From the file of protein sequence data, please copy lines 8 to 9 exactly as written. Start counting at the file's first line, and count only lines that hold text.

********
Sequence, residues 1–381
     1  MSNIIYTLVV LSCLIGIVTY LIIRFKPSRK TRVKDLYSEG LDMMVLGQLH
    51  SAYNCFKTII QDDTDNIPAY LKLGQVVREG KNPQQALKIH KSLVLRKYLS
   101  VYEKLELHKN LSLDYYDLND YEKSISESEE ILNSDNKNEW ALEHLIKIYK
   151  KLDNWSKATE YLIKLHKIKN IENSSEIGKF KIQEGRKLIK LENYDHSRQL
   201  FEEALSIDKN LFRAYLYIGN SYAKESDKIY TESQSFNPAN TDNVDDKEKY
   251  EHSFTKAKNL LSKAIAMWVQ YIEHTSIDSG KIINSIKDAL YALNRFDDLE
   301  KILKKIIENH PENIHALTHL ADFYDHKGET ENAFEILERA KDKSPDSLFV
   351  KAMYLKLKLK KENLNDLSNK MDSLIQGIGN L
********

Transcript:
   301  KILKKIIENH PENIHALTHL ADFYDHKGET ENAFEILERA KDKSPDSLFV
   351  KAMYLKLKLK KENLNDLSNK MDSLIQGIGN L